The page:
New Life-Sized Camel Sculptures Discovered in Saudi Arabia May Date Back 2,000 Years

Archaeologists from France’s National Center for Scientific Research (CRNS) and their colleagues from the Saudi Commission for Tourism and National Heritage (SCTH) have discovered camelid sculptures “unlike any others in the region” dating back to the first centuries BC or AD, according to a press release from the CRNS.

The find sheds new light on the evolution of rock art in the Arabian Peninsula, the CRNS said.

The recently-discovered sculptures are located in the Al Jawf province in northwest Saudi Arabia. The “Camel Site,” as it is known, was explored in 2016 and 2017 by a Franco-Saudi research team. According to CRNS, the sculptures, some incomplete, “were executed on three rocky spurs there. Though natural erosion has partly destroyed some of the works, as well as any traces of tools, the researchers were able to identify a dozen or so reliefs of varying depths representing camelids and equids.”

“Though the site is hard to date, comparison with a relief at Petra (Jordan) leads the researchers to believe the sculptures were completed in the first centuries BC or AD,” CRNS writes. “Its desert setting and proximity to caravan routes suggest Camel Site–ill suited for permanent settlement–was a stopover where travelers could rest or a site of worship.”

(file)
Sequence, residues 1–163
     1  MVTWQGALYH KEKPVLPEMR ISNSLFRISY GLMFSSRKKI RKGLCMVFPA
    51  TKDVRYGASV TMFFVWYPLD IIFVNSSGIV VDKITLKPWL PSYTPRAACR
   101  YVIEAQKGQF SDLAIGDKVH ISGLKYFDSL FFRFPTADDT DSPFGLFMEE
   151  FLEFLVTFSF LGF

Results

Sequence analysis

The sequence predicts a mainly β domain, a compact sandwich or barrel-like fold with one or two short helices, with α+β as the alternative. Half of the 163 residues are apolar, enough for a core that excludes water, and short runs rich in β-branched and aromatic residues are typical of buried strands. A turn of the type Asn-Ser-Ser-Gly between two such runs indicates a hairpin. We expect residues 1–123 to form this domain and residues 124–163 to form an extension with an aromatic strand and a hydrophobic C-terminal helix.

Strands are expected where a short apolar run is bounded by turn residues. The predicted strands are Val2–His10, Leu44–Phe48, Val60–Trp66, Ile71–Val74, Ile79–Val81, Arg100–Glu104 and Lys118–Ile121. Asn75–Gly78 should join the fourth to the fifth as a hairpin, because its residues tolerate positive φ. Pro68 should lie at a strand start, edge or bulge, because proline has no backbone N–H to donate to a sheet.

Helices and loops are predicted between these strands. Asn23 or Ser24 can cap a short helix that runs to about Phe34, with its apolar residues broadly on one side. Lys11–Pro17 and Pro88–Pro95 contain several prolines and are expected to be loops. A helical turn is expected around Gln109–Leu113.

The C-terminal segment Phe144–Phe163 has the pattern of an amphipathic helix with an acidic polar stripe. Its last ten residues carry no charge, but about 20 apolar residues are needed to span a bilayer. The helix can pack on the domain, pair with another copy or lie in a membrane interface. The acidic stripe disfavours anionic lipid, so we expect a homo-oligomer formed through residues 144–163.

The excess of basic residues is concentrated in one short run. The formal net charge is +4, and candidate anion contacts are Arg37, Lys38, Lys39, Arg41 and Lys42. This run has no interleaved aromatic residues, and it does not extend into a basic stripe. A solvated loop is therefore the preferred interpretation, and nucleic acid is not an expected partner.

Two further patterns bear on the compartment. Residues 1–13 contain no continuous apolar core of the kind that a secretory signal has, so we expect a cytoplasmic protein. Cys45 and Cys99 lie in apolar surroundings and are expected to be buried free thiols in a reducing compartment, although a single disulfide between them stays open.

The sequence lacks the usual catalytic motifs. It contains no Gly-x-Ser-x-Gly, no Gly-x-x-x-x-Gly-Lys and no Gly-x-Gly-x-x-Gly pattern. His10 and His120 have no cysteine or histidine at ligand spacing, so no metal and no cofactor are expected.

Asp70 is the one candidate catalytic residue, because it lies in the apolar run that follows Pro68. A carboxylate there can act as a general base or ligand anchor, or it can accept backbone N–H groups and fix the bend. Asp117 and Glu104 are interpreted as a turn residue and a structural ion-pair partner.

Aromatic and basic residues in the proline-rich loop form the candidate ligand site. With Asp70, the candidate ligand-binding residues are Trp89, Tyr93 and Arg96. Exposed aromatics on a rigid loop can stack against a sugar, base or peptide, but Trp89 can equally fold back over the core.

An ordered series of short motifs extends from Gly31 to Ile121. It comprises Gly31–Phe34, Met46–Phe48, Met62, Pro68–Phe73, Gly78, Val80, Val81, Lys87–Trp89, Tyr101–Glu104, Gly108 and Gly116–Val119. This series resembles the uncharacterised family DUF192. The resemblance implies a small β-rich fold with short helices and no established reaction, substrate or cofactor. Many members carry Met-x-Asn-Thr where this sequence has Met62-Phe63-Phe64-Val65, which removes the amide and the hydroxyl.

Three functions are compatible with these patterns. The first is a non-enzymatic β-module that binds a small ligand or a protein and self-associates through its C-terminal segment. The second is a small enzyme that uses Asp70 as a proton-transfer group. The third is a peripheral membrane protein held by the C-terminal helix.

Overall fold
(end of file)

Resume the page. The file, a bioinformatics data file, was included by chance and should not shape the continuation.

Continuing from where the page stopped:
© Antiquity - CNRS/MADAJ, photo C. Poliakoff, drawing G. Charloux

© Antiquity – CNRS/MADAJ, photo C. Poliakoff, drawing G. Charloux

The Camel Site is merely the latest in a string of archeological discoveries in Saudi Arabia in recent years.

Last year, nearly 400 structures dating back thousands of years were found, with many clustered in Harrat Khaybar, a volcanic field located north of Medina in Saudi Arabia. Using Google Earth imagery, archeologist David Kennedy examined burial sites and other so-called Works of the Old Men, created by nomadic tribes thousands of years ago, according to a profile featuring his discoveries in the New York Times.

In August, a team led by landscape archaeologist Paul Breeze of King’s College London used high-resolution satellite imagery, aerial imagery, and geological maps to identify 46 archaeological sites beside ancient lakes in Saudi Arabia’s western Nefud Desert, in the northern part of the Arabian Peninsula.

Efforts to open up Saudi Arabia to the world as part of Saudi Arabia’s Vision 2030 include a new program to issue tourist visas for the first time, allowing foreigners access to Saudi Arabia’s heritage sites.